Are you worried about Root as captain?

Hussain:  No. He’s in the same mould as Virat Kohli and Kane Williamson, who both seem to cope. Root is not always the smiley, boyish character he once was, but that’s international captaincy for you. 

Joe Root responded brilliantly to captaincy difficulties with a superb 109 in the first Test

I agree England are too reliant on him. But we should enjoy his excellence. He’s such a good ambassador for cricket, and without that superb second-innings century in Nottingham, England would have lost in four days. I said before the Test I hoped he didn’t settle for the team policy of batting time, and he got his tempo spot on. 

Booth: At the start of 2021, I’d have said ‘yes’. He was approaching four years in the job, traditionally the shelf life for England captains, and he had not enjoyed a productive summer. 

Then he scored 228, 186 and 218 at Galle and Chennai — the response of a champion. And he’s just made one of his very best Test hundreds. At some point — perhaps after this winter’s Ashes — it may all become too much. But we’re not there yet.

Newman: Joe had that haunted look before Trent Bridge that I have seen in so many England captains and who could blame him after all he has gone through. But he looked more like his old self after that brilliant century. 

Paul Newman has tipped Ben Foakes as a dark horse to become the next England skipper

For the sake of his own batting I can’t see how he goes on beyond his third Ashes in charge, win or lose, but there is a complete dearth of alternatives. Here’s one for you — Ben Foakes as the possible next England captain? 

What changes would you make for the second Test?

Booth: England have finally acknowledged that the best way to balance the side in Stokes’ absence is to recall Moeen. 

They’ve been reluctant because they’re not planning to take him to Australia, but there is a series to win against India first and Ali allows them to play four seamers — and possibly bring in Mark Wood for Curran.

I’d also bring in Ollie Pope for Dan Lawrence, who hasn’t lived up to the promise of his 73 on debut at Galle in January. 

Newman: The absence of Moeen was a mystery to me and I’m pleased he has been called up to bring that balance at Lord’s. He bats at seven, where he averages 37 in Test cricket, for me. 

The potential return to the side of all-rounder Moeen Ali could give the side more balance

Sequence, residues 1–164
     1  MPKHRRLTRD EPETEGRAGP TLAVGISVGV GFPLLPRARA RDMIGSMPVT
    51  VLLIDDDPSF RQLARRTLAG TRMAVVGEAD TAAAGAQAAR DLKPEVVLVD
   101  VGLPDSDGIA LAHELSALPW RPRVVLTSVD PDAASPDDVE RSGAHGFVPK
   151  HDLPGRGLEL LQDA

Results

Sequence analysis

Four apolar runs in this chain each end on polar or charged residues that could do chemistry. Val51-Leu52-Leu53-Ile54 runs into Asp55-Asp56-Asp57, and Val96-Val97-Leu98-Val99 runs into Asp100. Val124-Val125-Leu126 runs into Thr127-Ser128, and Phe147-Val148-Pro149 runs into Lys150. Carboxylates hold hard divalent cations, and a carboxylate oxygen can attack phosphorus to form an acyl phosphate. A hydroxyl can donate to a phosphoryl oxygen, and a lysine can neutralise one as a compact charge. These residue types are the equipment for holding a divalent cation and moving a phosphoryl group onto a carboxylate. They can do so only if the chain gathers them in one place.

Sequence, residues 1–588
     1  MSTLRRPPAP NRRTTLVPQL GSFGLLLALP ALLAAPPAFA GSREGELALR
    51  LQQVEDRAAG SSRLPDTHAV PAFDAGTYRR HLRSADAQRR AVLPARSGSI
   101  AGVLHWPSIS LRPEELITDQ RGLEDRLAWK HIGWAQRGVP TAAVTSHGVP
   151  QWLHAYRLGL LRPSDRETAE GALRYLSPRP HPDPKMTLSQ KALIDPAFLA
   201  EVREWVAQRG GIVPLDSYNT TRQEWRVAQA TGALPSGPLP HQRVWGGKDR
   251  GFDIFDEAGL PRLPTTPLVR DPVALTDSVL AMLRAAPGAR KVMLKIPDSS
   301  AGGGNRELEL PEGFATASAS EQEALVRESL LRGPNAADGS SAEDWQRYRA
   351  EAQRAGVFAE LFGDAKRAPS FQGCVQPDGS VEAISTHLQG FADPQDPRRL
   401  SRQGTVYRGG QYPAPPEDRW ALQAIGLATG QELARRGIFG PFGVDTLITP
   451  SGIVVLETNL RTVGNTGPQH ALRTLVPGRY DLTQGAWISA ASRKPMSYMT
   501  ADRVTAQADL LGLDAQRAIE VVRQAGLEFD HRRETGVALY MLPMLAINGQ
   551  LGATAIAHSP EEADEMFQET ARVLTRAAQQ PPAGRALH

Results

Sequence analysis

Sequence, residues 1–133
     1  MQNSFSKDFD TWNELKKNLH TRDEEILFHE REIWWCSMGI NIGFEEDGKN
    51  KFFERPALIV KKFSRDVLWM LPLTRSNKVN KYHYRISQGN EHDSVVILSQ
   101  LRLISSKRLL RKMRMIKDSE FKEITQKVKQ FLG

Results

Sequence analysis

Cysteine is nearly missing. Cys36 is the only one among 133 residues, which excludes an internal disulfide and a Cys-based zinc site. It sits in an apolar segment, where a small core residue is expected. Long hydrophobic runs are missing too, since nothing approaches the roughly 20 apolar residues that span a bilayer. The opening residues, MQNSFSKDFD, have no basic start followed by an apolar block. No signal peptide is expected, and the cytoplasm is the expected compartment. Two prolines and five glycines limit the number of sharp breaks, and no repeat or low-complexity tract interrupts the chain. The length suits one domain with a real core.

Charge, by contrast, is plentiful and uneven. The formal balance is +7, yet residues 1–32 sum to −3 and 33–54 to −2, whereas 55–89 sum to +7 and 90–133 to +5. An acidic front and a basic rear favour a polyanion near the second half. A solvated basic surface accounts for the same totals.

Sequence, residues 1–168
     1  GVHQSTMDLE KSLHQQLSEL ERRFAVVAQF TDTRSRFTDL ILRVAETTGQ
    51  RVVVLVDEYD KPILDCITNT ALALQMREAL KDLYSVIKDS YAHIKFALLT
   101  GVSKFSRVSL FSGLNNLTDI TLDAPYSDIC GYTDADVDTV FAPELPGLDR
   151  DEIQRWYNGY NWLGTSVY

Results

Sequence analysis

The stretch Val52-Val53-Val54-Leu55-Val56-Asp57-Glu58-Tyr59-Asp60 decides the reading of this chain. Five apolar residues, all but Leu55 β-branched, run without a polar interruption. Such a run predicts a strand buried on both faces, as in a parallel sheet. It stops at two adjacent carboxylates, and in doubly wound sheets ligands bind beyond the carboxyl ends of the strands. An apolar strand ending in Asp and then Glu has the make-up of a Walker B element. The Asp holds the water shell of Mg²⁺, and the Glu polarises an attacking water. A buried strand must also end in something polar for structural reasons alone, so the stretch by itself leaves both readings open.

I’d also pick Hameed for Sibley, promote Bairstow to three and give Crawley a break and then have one of Pope or Lawrence at five with Buttler at six. Then after Moeen pick your best four seamers for the conditions. I’d have Wood in for Sam Curran. 

Hussain: I’d give the top three another go. All three are vulnerable, but they should wait until the end of the game before deciding who — if anyone — is replaced by Hameed at Leeds.

It’s possible to balance the team properly now Moeen has been called up. He’s taken 31 wickets against India in England at 22! And if he batted at 7 or 8, that would give the team depth, plus allow them to pick all their seamers. 

Is Ollie Robinson taking over from Stuart Broad and how worried are you about England’s bowling?

Hussain: Broad has been magnificent for England for a long time, and one average game doesn’t change that. I was very impressed with Robinson, who adds depth to the seam-bowling unit. 

The biggest concern is Archer: who is going to perform his role in Australia? A lot of onus will be on Mark Wood.

Hussain was very impressed with Robinson (above), who adds depth to the seam bowling unit 

I’m also worried that the policy of leaving out Leach is a sign of what’s to come in the Ashes. England reckon no finger spinner has done well there since Graeme Swann, but it’s risky. 

Booth: The baton has not been handed over just yet. Broad needs time in the middle. He was superb last summer so it will be a great shame if he is injured and misses the second Test.

I was worried about the Ashes even before Stone and Archer broke down. If Wood doesn’t play in more than two of the five Tests in Australia — which would be in keeping with his career ratio — it’s hard to see how they take enough wickets to win back the urn. 

Newman: Broad has had three quiet home Tests this summer now, but, as Ed Smith discovered, it is never wise to write him off. As it is, he may have to spend some time out now after injuring his calf on Tuesday.

But England have lost the last two away Ashes 5-0 and 4-0 with him and Jimmy Anderson leading the attack and the absence of Archer is a blow. Robinson will be a key man in Australia with his height and bounce. I’d certainly prefer him to Broad there.